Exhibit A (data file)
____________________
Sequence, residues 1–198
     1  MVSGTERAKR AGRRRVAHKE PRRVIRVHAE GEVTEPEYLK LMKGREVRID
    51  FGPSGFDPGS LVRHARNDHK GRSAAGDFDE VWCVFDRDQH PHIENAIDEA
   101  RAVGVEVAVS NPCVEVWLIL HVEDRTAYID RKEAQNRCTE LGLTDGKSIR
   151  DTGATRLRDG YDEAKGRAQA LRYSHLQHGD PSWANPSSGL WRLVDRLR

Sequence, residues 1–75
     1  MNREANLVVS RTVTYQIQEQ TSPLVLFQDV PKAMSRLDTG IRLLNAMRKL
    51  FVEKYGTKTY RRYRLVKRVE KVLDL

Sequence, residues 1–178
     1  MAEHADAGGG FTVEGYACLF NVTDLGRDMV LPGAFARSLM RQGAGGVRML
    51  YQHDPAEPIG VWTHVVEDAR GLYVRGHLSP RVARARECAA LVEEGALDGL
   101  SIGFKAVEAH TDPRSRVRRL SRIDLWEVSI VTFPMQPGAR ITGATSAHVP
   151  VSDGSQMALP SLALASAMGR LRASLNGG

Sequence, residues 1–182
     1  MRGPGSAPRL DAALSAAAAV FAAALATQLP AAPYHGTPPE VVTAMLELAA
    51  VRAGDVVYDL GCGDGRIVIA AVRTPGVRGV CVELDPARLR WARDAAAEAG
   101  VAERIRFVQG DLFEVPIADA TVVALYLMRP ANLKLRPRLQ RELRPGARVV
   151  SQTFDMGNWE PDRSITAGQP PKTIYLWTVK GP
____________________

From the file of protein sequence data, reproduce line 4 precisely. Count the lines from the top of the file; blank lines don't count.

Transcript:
   101  RAVGVEVAVS NPCVEVWLIL HVEDRTAYID RKEAQNRCTE LGLTDGKSIR